English High Court approves latest fully contested restructuring plan: Adler group - PART TWO

May 10, 2023

In the second of two blog posts on the Adler group restructuring plan, we look at the court’s decision to sanction the scheme and the practical implications for future restructurings.

Key issues

Fair distribution – the pari passu problem

In order to decide whether to sanction the plan, the court had to decide (among other things) whether differential treatment of creditors under the plan was an unfair departure from the pari passu principle as a matter of English law. In other words, did it matter that under the plan the 2029 note holders would be subordinated in time to the other note holders?

It was accepted that, in the absence of the plan, the notes would be accelerated and paid on a pari passu basis. However, under the plan, all bar one series of notes would retain their original maturity dates, meaning that the 2029 note holders would bear the greatest risk of the plan failing.

The judge restated the fundamental importance of the pari passu principle, but confirmed that a plan may depart from the principle of equal treatment where there is good reason. In this case, the 2029 note holders were already subordinated in time from the moment they purchased the notes (which was likely reflected in the price paid). Therefore the plan proposed continuity rather than an indefensible departure from the core principle.

The court confirmed that its role was not to determine whether the plan was the ‘best plan’ that could be presented. The question was whether it was a plan that a reasonable creditor could approve, and that it was fair. The judge considered that the plan creditors were best placed to assess that. This was evidenced by the high voting turnout and margin by which each of the classes voted in favour (84% across the remaining five series of notes; 62% of the 2029 note holders, albeit that did not meet the statutory 75% threshold).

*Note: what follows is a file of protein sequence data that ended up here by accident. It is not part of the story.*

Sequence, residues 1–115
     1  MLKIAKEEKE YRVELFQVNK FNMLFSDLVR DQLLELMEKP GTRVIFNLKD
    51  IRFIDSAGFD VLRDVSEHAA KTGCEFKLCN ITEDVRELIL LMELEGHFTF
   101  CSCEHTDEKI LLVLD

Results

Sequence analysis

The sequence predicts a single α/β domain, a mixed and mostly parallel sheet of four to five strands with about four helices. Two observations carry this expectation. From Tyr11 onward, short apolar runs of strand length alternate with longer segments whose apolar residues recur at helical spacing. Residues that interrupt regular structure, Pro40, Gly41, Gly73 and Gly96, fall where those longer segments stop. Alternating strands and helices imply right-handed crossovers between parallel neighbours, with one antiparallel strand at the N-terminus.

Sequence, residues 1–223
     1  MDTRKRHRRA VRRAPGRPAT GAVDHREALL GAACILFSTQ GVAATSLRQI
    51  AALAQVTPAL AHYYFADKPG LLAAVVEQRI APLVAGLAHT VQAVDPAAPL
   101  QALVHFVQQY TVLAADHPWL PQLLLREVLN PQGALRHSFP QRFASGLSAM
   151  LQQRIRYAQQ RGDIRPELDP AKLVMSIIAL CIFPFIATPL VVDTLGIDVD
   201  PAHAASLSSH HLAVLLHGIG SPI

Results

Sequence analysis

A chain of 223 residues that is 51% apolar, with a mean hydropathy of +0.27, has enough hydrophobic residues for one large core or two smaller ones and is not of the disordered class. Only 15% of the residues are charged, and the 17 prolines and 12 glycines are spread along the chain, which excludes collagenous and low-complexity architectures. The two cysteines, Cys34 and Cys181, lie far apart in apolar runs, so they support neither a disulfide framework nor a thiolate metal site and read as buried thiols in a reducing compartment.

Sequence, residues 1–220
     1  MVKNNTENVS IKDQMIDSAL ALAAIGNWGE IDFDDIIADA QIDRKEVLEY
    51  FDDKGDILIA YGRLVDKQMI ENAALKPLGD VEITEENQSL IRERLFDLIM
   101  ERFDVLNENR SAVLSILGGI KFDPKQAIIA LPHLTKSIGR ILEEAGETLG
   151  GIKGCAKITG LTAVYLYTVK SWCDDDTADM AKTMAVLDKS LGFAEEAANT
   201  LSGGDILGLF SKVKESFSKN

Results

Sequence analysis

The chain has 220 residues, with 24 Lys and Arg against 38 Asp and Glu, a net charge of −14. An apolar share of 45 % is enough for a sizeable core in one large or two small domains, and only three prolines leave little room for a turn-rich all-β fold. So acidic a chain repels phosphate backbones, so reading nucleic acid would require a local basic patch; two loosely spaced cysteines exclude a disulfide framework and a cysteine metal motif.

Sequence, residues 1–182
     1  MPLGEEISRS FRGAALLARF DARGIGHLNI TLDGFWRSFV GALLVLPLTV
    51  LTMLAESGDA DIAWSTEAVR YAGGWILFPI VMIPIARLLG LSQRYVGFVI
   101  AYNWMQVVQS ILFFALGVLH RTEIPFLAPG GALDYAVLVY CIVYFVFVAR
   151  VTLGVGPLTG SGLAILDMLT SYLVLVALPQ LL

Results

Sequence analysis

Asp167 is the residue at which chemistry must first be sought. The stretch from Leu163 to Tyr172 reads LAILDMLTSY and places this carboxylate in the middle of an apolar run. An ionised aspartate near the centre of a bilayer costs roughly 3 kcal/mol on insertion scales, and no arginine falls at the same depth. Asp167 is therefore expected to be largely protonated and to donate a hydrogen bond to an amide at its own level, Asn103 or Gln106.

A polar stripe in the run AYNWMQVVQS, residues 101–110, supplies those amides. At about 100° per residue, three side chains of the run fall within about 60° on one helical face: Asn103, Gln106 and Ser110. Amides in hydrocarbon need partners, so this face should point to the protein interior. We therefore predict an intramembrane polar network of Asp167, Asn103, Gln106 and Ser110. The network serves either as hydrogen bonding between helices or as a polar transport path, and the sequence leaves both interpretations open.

Key to the plan’s fairness in this regard was the fact that, should the plan fail (which, on a balance of probabilities, it was not likely to do), the default position would be a pari passu distribution. 

Interestingly, in relation to the high creditor approval rates of the plan, the 2029 note holders argued that this did not necessarily reflect the fairness of the plan because several of the note holders held notes in different series. On this issue the court made an important observation (consistent with previous guidance in the context of class composition in schemes of arrangement) that likely will be relevant to future creditor votes: where a creditor has a particular interest that goes beyond that of its class, that interest will only undermine their vote where it is both their predominant motivation in voting and adverse to that class’s interests.